Scotland on the small screen
The beach at Ness
In a previous blog we looked at the phenomena of jet setting, visiting the Scottish locations where some of Scotland’s best loved films were made. With the publication this week of a new guide entitled TV Set in Scotland , which documents some of the famous and more obscure television filming locations in Scotland, we thought we would take a look at a few of our favourites.
The most well-known TV programme made in Scotland must surely be Outlander, with excitement among fans currently reaching fever pitch ahead of the new season’s arrival in November. Whilst the locations previously used have been well documented, the filming which took place at the start of the year presented the producers with the unique challenge that the new season is largely set in America. Eagle eyed fans have however been compiling a list of sightings of the cast and crew at locations all round the country. In June they were spotted at Faskally Wood in Perthshire. This stunning forest, which is also the venue for the annual Enchanted Forest sound and light display, is one of the area’s top attractions and has such photogenic scenery that you can see when you visit exactly why it was chosen as a backdrop. It’s only a short drive from there to Comraich House which nestles quietly by the loch, not far from Rannoch moor. Dedicated fans may get a sense of deja vu as both locations also feature in season one.
Since the cancellation of the much loved Machair (directed by Peter May, the writer of the bestselling Lewis Blackhouse Trilogy) Bannan has assumed the mantle of the country’s favourite Gaelic soap opera. Set and filmed on the Sleat peninsula, this BBC Alba production is a fantastic showcase for the stunning scenery of Skye and an affirmation of the joys of living in rural Scotland. The village of Tarskavaig, which was a finalist in this year’s Village of the Year contest run by Channel 4, plays a central role as does its community but the surrounding landscape is the real star of the show. Available to stream through iPlayer, with English subtitles, it is well worth seeking out for anyone with an interest in visiting the Highlands. The Sleat peninsula has a slower pace of life than the rest of Skye, possible due to being slightly off the beaten track, but it still has amazing beaches, walks and a newly opened distillery. Teangue House sits right in the centre of it, atop a hill overlooking the sound of Sleat and across to Knoydart, the perfect base for exploring or just relaxing.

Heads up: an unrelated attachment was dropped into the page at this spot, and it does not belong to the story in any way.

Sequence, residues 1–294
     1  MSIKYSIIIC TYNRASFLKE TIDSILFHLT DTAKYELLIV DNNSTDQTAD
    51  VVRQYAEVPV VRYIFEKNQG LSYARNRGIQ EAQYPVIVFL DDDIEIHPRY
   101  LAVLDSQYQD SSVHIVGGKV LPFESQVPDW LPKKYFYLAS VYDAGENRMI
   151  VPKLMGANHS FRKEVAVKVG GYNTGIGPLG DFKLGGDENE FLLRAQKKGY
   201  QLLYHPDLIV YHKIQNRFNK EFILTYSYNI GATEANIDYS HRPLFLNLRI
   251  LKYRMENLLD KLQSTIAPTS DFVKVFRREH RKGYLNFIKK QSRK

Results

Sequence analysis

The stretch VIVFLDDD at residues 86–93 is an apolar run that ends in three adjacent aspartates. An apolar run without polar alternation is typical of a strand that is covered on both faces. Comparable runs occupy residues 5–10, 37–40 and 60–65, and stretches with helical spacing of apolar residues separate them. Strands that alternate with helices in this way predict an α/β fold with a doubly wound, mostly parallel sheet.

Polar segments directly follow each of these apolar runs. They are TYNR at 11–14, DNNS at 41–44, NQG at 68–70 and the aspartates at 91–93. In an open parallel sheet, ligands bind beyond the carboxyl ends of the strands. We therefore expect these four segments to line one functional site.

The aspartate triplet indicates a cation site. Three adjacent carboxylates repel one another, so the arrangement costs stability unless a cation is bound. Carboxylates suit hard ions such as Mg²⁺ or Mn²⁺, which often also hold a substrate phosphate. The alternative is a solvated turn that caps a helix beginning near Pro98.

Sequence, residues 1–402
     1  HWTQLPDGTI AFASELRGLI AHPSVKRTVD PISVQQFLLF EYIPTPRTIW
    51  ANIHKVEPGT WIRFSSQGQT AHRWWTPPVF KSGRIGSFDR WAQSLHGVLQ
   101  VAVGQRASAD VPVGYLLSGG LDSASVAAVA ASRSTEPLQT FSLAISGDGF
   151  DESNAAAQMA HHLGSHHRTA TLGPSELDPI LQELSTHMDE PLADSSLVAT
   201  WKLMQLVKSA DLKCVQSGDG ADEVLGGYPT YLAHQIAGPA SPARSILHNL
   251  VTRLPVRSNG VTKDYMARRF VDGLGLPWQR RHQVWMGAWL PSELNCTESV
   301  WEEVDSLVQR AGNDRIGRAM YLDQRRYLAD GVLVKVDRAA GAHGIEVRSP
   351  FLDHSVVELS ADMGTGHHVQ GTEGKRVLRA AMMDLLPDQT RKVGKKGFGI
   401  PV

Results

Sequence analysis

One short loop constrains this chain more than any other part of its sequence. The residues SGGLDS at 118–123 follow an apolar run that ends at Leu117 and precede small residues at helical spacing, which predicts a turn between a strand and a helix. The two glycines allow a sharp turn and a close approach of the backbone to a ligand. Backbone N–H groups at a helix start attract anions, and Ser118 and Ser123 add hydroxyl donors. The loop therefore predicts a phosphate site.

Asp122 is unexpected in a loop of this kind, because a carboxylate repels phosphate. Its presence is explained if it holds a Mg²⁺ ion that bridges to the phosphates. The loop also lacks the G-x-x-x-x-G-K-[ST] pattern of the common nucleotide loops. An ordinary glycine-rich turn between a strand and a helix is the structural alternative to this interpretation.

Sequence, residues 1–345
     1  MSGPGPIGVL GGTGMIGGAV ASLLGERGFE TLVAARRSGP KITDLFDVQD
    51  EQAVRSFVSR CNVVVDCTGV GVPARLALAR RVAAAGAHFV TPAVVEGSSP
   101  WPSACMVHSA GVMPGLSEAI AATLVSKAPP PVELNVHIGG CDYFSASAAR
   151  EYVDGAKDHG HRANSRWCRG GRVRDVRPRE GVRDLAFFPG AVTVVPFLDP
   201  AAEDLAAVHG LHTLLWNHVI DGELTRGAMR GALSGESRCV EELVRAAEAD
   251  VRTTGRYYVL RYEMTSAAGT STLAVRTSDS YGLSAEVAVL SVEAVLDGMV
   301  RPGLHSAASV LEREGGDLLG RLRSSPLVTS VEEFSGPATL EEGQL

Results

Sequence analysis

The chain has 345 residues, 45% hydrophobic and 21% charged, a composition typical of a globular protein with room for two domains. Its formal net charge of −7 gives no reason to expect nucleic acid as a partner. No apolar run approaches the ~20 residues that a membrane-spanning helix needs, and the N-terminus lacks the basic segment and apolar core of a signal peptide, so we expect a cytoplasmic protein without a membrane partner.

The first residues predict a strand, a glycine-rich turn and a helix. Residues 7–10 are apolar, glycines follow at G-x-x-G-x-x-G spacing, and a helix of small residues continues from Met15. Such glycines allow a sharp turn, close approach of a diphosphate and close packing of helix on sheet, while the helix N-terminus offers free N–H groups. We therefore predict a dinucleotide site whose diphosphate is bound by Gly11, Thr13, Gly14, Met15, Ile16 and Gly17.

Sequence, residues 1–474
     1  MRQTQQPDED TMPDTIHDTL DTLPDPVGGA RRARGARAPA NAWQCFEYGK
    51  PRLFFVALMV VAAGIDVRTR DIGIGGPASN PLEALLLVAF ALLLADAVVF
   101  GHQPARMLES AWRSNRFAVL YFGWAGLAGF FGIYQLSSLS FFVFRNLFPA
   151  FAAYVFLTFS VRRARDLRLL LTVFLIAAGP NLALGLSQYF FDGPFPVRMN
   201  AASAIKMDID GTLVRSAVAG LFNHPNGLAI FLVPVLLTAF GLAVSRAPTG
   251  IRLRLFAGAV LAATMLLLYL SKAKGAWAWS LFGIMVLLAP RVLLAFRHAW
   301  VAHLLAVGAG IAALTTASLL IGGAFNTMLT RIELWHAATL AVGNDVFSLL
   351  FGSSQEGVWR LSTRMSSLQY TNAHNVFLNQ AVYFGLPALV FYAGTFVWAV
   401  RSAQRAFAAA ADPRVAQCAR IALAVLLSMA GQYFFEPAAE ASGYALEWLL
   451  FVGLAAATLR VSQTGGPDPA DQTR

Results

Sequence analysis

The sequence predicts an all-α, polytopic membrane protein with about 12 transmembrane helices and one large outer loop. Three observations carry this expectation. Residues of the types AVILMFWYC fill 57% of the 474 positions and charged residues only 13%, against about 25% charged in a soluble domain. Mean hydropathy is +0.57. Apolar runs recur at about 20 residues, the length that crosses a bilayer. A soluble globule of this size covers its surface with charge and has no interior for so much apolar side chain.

One of the most beloved children’s TV series of recent years is Katie Morag. Although set on the fictional island of Struay, much of the filming in fact took place on the Isle of Lewis. Reading the books, you may think they represent an altogether romanticised and exaggerated view of the wholesome rural idyll. Its only when you visit that you realise how close to the mark they can actually be. The pace of life really is as gentle and carefree as depicted on screen. If you yearn for a holiday experience that harks back to a simpler, friendlier, less stressed time then this is the place for you. One of the themes running through the books and the television series is the sense of community and in places such as the Point of Ness this tradition is as strong as it has always been. The beach here was one of the main ones used in the series (although Dail Mor and Shawbost also feature). It’s a brilliant place for families to play, as well as being a romantic retreat for couples to immerse themselves in island culture. Taigh Eilidh is a luxury retreat for 2 that overlooks the beach and is walking distance to the attractions of the village.
Whether your taste in TV encompasses murder, sci-fi or historical documentary, if the scenery inspires you to visit then call LHH now to book your next holiday. As alluring as Scotland looks on the screen, the real thing is even better.